Calcium and magnesium are both essential elements. Calcium is a substantial component of teeth and bones. In addition, it plays a role in neuromuscular excitability, the proper function of the conducting myocardial system, muscle and heart contractility, intracellular information transmission and the coagulability of blood. Magnesium plays an important role as a cofactor and activator of more than 300 enzymatic reactions including glycolysis, ATP metabolism, transport of elements such as sodium, calcium and potassium through membranes, synthesis of proteins and nucleic acids, neuromuscular excitability and muscle contraction.
Although drinking water is not the major source of our magnesium and calcium intake, the health significance of supplemental intake of these elements from drinking water may outweigh its nutritional contribution expressed as the proportion of the total daily intake of these elements. Even in industrialized countries, diets not deficient in terms of the quantity of calcium and magnesium, may not be able to fully compensate for the absence of calcium and, in particular, magnesium, in drinking water.
Drinking water, with some rare exceptions, is not the major source of essential elements for humans, however, it’s contribution may be important for several reasons. The modern diet of many people may not be an adequate source of minerals and microelements. In the case of borderline deficiency of a given element, even the relatively low intake of the element with drinking water may play a relevant protective role. This is because the elements are usually present in water as free ions and therefore, are more readily absorbed from water compared to food where they are mostly bound to other substances.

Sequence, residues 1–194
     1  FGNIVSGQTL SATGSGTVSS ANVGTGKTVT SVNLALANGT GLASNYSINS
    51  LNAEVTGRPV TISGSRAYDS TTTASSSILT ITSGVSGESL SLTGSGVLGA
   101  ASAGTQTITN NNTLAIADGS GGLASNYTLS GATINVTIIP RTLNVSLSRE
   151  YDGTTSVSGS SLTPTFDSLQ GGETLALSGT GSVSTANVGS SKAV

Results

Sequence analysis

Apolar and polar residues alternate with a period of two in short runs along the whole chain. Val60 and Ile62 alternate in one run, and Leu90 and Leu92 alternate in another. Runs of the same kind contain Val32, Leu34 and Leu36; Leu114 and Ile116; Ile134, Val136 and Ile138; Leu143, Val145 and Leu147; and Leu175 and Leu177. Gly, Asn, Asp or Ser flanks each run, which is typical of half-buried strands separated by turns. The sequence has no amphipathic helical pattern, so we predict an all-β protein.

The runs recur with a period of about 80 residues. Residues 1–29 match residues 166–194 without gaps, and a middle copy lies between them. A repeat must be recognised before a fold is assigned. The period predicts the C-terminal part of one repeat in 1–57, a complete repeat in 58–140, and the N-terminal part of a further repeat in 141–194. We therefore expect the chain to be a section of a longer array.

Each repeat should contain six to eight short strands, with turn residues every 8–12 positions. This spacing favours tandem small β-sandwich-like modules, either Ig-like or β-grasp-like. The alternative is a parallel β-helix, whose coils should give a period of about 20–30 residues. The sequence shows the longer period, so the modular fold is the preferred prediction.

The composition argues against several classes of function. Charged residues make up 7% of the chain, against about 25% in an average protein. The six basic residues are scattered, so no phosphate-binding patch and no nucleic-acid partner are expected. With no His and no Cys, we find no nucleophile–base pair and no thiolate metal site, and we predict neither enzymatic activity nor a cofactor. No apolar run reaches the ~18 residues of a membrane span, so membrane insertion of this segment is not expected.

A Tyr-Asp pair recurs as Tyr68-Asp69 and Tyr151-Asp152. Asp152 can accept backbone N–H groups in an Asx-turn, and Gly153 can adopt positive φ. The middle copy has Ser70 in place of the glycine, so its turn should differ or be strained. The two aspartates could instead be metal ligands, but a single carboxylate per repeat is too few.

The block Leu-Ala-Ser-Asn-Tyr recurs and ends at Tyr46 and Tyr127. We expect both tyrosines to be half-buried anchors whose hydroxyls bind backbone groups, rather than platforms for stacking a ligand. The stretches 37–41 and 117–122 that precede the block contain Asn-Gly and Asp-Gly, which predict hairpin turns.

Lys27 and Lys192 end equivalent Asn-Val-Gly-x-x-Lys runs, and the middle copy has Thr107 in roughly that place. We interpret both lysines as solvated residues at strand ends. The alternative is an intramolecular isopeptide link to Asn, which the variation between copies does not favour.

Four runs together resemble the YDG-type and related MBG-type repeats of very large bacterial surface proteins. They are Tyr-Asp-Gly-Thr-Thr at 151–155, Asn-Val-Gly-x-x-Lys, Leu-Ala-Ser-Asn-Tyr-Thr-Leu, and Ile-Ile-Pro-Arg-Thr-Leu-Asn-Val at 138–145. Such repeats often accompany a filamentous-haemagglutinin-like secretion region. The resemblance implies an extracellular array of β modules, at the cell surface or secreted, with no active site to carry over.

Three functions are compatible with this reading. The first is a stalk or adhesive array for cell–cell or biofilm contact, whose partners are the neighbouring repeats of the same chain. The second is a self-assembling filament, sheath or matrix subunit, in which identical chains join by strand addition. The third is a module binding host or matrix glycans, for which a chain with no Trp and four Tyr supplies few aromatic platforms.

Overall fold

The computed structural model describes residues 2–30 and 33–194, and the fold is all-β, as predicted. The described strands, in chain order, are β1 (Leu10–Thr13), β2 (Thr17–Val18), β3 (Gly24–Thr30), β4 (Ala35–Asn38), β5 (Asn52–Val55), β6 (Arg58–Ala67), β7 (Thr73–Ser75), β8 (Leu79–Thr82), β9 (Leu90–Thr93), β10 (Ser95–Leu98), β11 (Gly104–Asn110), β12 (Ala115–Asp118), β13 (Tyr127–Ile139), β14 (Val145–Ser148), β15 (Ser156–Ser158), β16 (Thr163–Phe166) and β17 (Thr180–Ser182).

Since the early 1960’s, epidemiological studies in many countries all over the world have reported that water low in magnesium and calcium and is associated with increased morbidity and mortality from cardiovascular disease.
Recent studies also suggest that the intake of water low in calcium (reverse osmosis water), may be associated with higher risk of fracture in children (Verd Vallespir et al. 1992), certain neurodegenerative diseases (Jacqmin et al. 1994), pre-term birth and low weight at birth (Yang et al. 2002) and some types of cancer (Yang et al. 1997; Yang et al. 1998). In addition to an increased risk of sudden death (Eisenberg 1992; Bernardi et al. 1995; Garzon and Eisenberg 1998), the intake of water low in magnesium seems to be associated with a higher risk of motor neuronal disease (Iwami et al. 1994), pregnancy disorders (so-called preeclampsia) (Melles & Kiss 1992), and some types of cancer (Yang et al. 1999a; Yang et al. 1999b; Yang et al. 1999c; Yang et al. 2000).
Recent epidemiological studies suggest that reverse osmosis water may be a risk factor for:
- coronary heart disease
- duodenal and gastric and duodenal ulcers
- chronic gastritis
- pregnancy complications
- complications in newborns and infants, including jaundice, anemia, fractures and growth disorders.
When used for cooking, reverse osmosis water was found to cause substantial losses of all essential elements from food (meats, vegetables, cereals). Such losses may reach up to 60% for calcium and magnesium or even more for some other micro-elements (e.g., copper 66%, cobalt 86%, manganese 70%). In contrast, when mineralized water is used for cooking, the loss of these elements is much lower, and in some cases, an even higher calcium content was reported in food as a result of cooking.
The current diet of many persons usually does not provide all necessary elements in sufficient quantities, and therefore, any factor that results in the loss of nutrients and essential elements during the processing and preparation of food could be detrimental for them.
In a multi-city study, women living in cities with low-mineral water more frequently showed cardiovascular changes (as measured by ECG), somatoform autonomic dysfunctions, headache, higher blood pressure, dizziness, and osteoporosis (as measured by X-ray absorptiometry) compared to those of cities with higher mineral content water.